Bradford Council departments at loggerheads over new East Bowling academy

Local residents Ian Morton and Jacqueline Horvath at the proposed site

Local residents Ian Morton and Jacqueline Horvath at the proposed site

First published in News
Last updated
Bradford Telegraph and Argus: Photograph of the Author by , T&A Reporter

A row between two Bradford Council departments threatens to scupper plans for a £15 million academy.

The Council’s education department has submitted an application for a new 1,050 pupil school on land at Fenby Avenue, East Bowling, but its Highways Department said it had not listened to its advice and the plans are unsuitable.

The leader of the opposition on the Council said it would be a “huge waste of taxpayers’ money” if the plans were refused because the two departments had not communicated properly.

A report by the highways department into the application points out that one part of the application says there will be 88 parking spaces on site, another part says that figure will be 70 and another says 93, while the estimates for the number of staff at the proposed school varies by 40 per cent through the application’s documents.

The academy will eventually be run by Bradford Diocese, but the application was submitted by Bradford Council, with Kath Tunstall, strategic director of children’s services, listed as the applicant.

It is hoped the school will open by September 2015, and the planning application was drawn up before the diocese had been chosen as the preferred partner to run it. The Government will fund £12.5 million for the project, which is expected to cost around £15 million.

Planned for land next to Lower Fields Primary School, neighbours have already raised concerns that the new school could lead to surrounding roads becoming gridlocked. And the response from the Council’s own highways agency has done little to quell their concerns.

Although part of the application says the school would employ 100 staff, an included transport assessment puts that figure at 140.

The comment from the highways office, which is consulted on all large-scale applications, says: “The Council should be able to accurately estimate the likely total number of employees including teachers and support staff so that an appropriate level of parking can be provided.”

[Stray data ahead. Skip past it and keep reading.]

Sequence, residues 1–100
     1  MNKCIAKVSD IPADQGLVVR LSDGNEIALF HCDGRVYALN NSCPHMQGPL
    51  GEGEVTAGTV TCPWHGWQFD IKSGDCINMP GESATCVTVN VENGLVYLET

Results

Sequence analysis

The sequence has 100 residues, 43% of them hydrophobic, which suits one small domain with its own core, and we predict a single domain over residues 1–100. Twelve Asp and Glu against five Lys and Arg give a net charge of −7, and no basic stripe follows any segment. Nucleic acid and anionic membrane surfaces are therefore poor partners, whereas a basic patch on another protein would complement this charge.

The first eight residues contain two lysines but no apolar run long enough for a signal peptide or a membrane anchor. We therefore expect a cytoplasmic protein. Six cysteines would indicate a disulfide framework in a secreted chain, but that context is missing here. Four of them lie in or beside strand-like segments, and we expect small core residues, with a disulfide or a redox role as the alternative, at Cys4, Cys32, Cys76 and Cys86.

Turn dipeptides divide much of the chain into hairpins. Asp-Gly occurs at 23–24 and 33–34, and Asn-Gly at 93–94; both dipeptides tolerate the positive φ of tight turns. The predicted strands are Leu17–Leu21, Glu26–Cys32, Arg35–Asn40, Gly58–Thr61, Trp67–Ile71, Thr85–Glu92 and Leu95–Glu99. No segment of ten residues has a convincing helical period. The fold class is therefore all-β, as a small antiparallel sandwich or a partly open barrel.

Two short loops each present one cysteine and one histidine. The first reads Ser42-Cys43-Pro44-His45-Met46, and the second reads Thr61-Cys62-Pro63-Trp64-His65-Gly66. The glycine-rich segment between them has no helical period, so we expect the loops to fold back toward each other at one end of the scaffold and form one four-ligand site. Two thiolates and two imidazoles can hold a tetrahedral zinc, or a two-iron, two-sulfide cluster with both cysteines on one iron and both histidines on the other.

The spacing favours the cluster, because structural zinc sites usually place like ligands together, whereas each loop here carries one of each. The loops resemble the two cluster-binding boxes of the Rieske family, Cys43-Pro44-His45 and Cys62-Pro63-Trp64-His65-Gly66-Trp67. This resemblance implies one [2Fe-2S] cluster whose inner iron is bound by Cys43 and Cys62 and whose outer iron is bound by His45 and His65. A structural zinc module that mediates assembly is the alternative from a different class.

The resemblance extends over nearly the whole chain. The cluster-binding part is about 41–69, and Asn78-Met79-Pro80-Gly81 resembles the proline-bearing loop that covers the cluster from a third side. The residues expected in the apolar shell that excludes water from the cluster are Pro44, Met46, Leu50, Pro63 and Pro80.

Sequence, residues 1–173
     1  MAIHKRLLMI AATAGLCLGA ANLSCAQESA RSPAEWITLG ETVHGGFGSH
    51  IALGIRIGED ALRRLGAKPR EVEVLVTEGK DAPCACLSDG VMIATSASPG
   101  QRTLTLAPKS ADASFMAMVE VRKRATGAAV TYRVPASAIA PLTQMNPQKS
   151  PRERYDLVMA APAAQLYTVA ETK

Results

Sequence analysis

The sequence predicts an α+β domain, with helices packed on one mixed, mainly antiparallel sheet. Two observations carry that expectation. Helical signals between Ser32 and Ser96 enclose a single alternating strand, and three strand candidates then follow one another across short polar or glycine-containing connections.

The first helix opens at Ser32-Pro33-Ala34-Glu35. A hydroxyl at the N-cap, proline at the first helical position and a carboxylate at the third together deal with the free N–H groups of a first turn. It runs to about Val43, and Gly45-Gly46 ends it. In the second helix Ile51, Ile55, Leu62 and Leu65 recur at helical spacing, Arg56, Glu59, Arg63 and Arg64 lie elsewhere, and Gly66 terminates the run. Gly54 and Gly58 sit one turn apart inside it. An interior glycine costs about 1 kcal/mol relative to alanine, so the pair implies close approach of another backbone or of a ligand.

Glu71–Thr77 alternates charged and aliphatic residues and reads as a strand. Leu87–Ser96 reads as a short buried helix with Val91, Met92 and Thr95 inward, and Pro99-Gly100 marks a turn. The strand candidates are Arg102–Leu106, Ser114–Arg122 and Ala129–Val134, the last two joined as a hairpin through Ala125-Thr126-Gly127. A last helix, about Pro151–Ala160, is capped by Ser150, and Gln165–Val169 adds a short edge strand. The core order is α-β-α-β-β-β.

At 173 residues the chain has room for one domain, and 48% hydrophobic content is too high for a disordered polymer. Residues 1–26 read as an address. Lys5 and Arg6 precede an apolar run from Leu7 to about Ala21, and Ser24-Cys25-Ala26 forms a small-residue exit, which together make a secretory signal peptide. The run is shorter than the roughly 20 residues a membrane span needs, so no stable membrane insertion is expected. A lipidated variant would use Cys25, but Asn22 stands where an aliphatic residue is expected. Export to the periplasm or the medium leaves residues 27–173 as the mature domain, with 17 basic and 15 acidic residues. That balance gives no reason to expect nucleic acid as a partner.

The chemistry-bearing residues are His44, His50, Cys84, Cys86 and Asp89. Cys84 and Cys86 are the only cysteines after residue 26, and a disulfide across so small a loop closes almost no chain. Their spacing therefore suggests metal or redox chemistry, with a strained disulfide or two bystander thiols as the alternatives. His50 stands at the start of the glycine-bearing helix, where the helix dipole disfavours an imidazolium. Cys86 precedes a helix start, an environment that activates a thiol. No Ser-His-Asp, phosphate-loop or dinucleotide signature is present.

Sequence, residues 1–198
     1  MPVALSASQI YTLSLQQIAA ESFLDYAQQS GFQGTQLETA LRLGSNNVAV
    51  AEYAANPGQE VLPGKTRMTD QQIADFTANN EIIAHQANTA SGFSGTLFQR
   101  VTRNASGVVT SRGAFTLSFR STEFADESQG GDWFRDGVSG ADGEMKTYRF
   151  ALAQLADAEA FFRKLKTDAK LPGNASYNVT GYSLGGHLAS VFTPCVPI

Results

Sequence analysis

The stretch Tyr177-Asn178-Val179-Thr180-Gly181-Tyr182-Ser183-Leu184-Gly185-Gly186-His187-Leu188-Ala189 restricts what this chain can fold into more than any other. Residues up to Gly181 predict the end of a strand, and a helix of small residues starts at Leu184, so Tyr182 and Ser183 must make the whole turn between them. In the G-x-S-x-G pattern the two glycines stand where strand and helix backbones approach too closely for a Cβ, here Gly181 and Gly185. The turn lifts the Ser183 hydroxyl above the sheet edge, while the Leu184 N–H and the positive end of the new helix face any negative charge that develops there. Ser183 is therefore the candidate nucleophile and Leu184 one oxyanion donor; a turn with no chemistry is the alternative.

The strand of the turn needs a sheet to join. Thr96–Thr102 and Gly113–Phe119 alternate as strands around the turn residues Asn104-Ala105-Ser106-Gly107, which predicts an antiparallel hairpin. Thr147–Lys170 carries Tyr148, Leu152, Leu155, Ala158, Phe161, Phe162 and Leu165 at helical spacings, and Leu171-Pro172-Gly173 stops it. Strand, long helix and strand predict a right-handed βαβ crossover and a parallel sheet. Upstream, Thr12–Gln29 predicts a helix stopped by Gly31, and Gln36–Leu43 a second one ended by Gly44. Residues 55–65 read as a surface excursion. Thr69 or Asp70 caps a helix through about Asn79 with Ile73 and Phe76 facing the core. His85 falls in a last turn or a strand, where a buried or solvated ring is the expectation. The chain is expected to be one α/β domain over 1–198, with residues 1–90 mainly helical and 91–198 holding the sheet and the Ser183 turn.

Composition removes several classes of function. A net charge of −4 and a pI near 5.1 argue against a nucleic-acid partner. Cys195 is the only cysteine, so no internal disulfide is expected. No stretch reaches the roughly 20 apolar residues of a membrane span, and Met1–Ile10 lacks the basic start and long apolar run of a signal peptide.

The application says that one way of avoiding traffic jams at school pick-up time would be to stagger the start and end of the school day so it did not clash with neighbouring Lower Fields Primary School.

But the response says: “I have not come across any documentation that would suggest that this is to be the case.”

The officer concludes by saying: “I would not be able to support the proposal as submitted in its current form due to the highway concerns it would raise if approved.”

Discussing “mitigation measures” proposed in the application to deal with the increase in pedestrian and road traffic, the highways department says: “The measures are not totally in accordance with the highways advice given in pre-application advice.”

Objectors say the school could cause traffic problems.

Sharon Rastrick, of Rayleigh Street, said: “Sticker Lane just wouldn’t be able to handle the volume of traffic. And I’m sure there will be lots of staff parking on the road.”

Ian Morton, who Lives on Fenby Avenue, wrote to the Council to object, saying: “Fenby Avenue will become an overflow car park for the school.

“It is already a nightmare outside the entrance to Lowerfields Primary School when the children are entering and leaving with all the traffic outside the entrance. The traffic chaos will probably now increase by at least two thirds.”

Coun Glen Miller, leader of the Conservative group on the Council, said: “It looks like different departments of the Council need to work together more.

"An awful lot of time and effort must have gone into this application, and it might all be wasted because the left hand doesn’t know what the right hand is doing. You’d think they would have dotted the ‘i’s and crossed the ‘t’s before they did this, but it looks like they dotted the ‘t’s and crossed the ‘i’s.”

Julian Jackson, Bradford Council's assistant director for planning, transportation and highways said: “A number of issues have been raised by the highways team and the consultant who is working on behalf of the Council has been asked to look in to addressing these.”

The Rev David Lee, from Bradford Diocese, said he hoped the issues were ones the Council would be able to deal with.

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